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Title: Interference with lysosomal biogenesis by Salmonella typhimurium
Author: McGourty, Kieran D.
ISNI:       0000 0004 2736 9895
Awarding Body: Imperial College London
Current Institution: Imperial College London
Date of Award: 2013
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Salmonella enterica is an intracellular bacterial pathogen that replicates within membrane-bound vacuoles by delivering virulence (effector) proteins across the vacuolar membrane by the SPI-2 type III secretion system (T3SS). In this thesis I show that through the action of this T3SS, Salmonella selectively interferes with a subset of endosome-to-trans-Golgi network (TGN) traffic that is involved in mannose-6-phosphate receptor (MPR) recycling. Two pathways of endosome-to-TGN traffic have been described: one involves the Q-SNARE syntaxin 6; the other is defined by the Q-SNARE syntaxin 10 and involves retrograde transport of the MPRs. Salmonella specifically disrupted syntaxin 10-dependent endosome-to- TGN traffic and this was accompanied by redistribution of MPR from the TGN, misrouting of newly synthesized lysosomal enzymes and attenuation of lysosome function. The SPI-2 T3SS effector SifA is an important virulence determinant that is known to interact with the endolysosomal system. SifA was shown to be required and sufficient to mediate the effects on lysosome biogenesis during infection or following transfection of host cells. By contrast, a variant of SifA with a single amino acid substitution that prevents interaction with its host protein target, SKIP, failed to redistribute MPR or to reduce lysosomal function. SKIP was found to contribute to lysosomal biogenesis in uninfected cells. Inhibition of lysosomal enzyme function with a lysosomal protease inhibitor or by depleting cells of syntaxin 10 enhanced intracellular bacterial replication. I conclude that SifA attenuates lysosomal activity through its interaction with SKIP and that this facilitates intracellular bacterial replication.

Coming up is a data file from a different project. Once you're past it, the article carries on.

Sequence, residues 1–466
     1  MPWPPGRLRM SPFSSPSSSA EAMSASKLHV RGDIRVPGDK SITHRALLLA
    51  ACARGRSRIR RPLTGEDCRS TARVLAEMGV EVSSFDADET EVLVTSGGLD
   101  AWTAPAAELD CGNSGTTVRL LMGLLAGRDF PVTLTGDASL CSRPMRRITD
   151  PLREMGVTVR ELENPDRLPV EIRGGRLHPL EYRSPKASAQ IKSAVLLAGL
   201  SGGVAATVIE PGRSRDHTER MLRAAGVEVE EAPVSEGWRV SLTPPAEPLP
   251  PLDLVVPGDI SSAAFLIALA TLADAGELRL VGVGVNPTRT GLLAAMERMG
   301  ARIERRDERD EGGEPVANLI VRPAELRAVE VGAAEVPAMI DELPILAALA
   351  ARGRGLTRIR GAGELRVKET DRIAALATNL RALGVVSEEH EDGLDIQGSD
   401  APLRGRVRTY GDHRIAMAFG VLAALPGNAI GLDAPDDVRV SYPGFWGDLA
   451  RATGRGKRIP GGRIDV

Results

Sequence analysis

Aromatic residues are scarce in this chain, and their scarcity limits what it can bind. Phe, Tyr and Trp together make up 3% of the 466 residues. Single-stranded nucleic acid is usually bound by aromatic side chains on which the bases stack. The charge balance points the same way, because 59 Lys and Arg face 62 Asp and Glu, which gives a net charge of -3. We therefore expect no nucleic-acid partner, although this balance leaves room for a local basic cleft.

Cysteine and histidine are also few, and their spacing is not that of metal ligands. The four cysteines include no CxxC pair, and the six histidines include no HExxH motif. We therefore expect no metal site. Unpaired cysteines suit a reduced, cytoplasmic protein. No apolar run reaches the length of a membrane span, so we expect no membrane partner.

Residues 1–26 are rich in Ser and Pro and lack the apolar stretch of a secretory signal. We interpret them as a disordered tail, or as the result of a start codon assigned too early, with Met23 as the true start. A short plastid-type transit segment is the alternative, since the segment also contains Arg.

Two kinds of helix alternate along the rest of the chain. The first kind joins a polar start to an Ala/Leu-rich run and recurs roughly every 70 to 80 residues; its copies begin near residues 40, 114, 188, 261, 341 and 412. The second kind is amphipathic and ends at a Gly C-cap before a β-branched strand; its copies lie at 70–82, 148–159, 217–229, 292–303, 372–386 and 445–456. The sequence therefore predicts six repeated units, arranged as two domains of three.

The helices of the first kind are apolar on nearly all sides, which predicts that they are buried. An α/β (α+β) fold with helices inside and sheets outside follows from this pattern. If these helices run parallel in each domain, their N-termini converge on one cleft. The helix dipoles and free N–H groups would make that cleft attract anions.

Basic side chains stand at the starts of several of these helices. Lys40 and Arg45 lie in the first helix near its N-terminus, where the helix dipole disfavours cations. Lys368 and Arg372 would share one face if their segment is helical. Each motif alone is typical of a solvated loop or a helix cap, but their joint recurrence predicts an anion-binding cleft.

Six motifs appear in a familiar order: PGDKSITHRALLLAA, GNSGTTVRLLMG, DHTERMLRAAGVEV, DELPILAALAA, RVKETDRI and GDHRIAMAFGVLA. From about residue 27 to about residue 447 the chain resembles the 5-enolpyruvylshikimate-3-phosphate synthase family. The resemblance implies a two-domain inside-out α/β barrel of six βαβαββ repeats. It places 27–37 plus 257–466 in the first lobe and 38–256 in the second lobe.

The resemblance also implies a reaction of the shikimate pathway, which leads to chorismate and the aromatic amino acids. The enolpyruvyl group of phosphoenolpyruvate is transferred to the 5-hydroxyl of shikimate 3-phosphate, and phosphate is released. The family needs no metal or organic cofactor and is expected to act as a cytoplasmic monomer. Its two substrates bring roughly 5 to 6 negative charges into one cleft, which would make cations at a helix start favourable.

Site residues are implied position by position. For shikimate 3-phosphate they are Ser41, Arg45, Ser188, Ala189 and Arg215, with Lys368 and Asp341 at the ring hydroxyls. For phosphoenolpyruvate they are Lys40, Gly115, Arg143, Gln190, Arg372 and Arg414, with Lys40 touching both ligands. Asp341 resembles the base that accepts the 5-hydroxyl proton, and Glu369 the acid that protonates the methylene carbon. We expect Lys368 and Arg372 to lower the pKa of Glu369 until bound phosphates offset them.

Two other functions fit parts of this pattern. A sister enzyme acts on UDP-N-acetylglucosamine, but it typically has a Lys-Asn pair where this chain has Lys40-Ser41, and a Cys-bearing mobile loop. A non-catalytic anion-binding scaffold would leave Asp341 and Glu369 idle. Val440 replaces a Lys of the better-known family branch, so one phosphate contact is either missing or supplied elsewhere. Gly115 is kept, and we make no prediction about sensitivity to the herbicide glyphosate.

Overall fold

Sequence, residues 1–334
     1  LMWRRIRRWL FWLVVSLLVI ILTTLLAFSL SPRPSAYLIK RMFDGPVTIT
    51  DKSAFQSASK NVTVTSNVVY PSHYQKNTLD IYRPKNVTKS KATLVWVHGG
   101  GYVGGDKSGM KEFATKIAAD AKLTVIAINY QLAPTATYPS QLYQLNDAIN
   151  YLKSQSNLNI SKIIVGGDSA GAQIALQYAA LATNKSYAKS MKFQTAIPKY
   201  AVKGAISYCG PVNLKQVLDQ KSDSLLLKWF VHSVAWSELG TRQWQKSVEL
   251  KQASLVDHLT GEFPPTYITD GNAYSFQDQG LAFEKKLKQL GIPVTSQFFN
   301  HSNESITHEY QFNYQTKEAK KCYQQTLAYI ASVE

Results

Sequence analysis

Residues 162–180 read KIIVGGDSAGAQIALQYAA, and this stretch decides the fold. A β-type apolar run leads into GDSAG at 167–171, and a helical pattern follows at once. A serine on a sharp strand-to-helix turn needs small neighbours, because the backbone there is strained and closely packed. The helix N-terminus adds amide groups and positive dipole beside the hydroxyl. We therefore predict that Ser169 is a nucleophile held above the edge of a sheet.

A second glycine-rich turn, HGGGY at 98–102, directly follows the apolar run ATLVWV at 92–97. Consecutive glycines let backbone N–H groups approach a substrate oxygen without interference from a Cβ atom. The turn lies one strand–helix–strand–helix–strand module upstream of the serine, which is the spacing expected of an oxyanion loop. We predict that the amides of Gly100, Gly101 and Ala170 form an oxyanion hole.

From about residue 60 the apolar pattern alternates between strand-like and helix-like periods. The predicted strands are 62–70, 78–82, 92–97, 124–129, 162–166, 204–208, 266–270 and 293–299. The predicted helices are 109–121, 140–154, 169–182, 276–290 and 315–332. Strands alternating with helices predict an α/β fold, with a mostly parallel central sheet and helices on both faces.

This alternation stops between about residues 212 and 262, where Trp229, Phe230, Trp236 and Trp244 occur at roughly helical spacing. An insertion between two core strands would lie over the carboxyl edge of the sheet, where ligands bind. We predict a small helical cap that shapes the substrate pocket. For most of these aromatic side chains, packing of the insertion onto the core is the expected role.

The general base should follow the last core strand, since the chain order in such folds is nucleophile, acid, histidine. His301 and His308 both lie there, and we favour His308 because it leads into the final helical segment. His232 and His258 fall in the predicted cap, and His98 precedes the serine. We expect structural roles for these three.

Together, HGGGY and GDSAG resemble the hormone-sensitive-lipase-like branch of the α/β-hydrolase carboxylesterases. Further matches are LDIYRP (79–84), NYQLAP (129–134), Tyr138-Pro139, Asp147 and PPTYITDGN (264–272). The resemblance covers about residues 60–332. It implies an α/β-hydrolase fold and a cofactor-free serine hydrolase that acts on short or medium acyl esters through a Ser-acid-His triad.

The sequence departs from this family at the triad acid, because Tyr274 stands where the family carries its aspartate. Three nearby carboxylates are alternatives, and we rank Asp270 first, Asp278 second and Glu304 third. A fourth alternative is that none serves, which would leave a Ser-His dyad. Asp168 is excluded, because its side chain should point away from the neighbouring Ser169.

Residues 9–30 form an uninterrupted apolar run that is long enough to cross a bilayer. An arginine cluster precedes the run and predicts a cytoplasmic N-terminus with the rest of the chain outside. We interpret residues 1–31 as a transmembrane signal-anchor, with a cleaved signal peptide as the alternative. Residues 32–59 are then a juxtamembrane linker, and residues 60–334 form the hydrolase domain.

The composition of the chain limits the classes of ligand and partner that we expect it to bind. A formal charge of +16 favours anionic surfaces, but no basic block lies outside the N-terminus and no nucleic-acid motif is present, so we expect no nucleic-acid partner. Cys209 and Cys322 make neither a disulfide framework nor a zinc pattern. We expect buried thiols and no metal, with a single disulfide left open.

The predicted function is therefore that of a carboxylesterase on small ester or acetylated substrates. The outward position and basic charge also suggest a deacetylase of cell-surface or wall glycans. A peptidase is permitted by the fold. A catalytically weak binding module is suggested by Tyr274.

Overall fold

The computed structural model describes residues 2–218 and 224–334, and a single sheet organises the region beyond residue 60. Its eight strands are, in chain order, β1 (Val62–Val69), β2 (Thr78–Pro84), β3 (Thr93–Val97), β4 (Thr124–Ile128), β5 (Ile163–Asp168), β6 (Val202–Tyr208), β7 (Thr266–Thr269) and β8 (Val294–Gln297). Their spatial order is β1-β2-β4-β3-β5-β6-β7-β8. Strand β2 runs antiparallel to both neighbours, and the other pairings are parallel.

Supervisor: Holden, David Sponsor: Not available
Qualification Name: Thesis (Ph.D.) Qualification Level: Doctoral